Williams will remain with NBC News through July before calling it a career. 

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News Television

Chris Licht: CNN Must Be Beacon of Journalism to Functional Democracy

“Now, the next chapter of CNN is one where we aspire to be a beacon for the kind of journalism essential to a functioning democracy,” Licht said

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CNN’s new president Chris Licht shed some light on the direction he plans to take the company at the Warner Bros. Discovery upfront. 

Licht spoke at the presentation alongside Warner Bros. Discovery CEO David Zaslav, who expressed that CNN will be organized “to advocate for journalism first” and deliver for viewers “seeking more accurate information and less yelling and conflict.”

Furthermore, Licht proposed similar aspirations as he summarized his plan for the cable news channel to double down on what many might call sane news.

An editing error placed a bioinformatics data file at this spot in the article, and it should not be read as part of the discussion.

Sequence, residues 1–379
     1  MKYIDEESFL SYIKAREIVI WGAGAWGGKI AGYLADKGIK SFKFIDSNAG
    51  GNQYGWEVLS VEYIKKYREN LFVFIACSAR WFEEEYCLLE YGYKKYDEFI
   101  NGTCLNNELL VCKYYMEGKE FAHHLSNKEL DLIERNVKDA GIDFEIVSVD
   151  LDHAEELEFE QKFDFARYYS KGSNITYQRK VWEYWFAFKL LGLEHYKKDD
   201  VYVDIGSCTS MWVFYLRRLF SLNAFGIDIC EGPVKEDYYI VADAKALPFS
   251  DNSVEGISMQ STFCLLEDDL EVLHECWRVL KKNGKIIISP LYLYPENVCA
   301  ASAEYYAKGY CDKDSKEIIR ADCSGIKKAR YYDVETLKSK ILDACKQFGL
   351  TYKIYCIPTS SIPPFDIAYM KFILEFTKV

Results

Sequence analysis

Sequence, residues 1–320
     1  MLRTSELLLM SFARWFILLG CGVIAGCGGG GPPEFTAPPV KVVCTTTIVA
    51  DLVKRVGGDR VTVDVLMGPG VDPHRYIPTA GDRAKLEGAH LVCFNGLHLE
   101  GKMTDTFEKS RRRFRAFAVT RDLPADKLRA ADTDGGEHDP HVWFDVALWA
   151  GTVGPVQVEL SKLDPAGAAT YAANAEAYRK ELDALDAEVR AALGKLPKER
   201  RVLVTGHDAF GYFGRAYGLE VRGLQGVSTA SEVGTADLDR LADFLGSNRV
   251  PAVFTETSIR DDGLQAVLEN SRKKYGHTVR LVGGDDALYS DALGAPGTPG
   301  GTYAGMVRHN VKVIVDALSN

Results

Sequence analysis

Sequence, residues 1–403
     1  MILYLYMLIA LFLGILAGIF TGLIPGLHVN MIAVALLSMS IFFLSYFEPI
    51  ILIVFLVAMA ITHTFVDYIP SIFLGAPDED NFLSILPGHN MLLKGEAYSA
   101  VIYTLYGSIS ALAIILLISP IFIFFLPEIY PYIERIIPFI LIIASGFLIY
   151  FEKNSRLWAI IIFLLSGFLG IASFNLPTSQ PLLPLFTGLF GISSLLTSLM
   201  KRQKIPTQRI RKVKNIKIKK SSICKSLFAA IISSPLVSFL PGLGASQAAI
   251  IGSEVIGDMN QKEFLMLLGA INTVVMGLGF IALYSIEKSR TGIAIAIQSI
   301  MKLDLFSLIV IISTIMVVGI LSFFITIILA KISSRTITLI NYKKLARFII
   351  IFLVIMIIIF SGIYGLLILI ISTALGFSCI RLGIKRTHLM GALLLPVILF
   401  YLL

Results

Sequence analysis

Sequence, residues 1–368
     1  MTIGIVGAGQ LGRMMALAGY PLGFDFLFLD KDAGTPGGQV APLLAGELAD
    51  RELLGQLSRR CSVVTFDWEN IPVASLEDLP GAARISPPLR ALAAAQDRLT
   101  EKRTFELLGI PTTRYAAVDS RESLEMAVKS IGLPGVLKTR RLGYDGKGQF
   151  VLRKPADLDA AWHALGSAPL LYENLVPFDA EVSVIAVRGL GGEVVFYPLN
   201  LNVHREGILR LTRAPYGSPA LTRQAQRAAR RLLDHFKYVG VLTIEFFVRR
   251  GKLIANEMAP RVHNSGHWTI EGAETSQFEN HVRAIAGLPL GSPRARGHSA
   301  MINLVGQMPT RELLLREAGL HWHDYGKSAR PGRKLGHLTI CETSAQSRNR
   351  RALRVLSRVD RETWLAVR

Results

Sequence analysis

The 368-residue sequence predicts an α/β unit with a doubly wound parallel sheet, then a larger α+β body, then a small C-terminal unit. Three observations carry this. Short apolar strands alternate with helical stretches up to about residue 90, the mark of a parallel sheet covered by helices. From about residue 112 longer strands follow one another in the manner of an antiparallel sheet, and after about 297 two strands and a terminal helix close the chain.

“Now, the next chapter of CNN is one where we aspire to be a beacon for the kind of journalism essential to a functioning democracy,” Licht said, per Mediaite.

“In a time where extremes are dominating cable news, we will seek to go a different way — reflecting the real lives of our viewers and elevating the way America and the world views this medium.”

The new CNN president also vows to “challenge the traditional philosophy of cable news, delivering programming and commentary that questions the status quo, shatters group-think, holds our leaders on both sides of the aisle accountable to facts, and fights fearlessly to get to the truth.”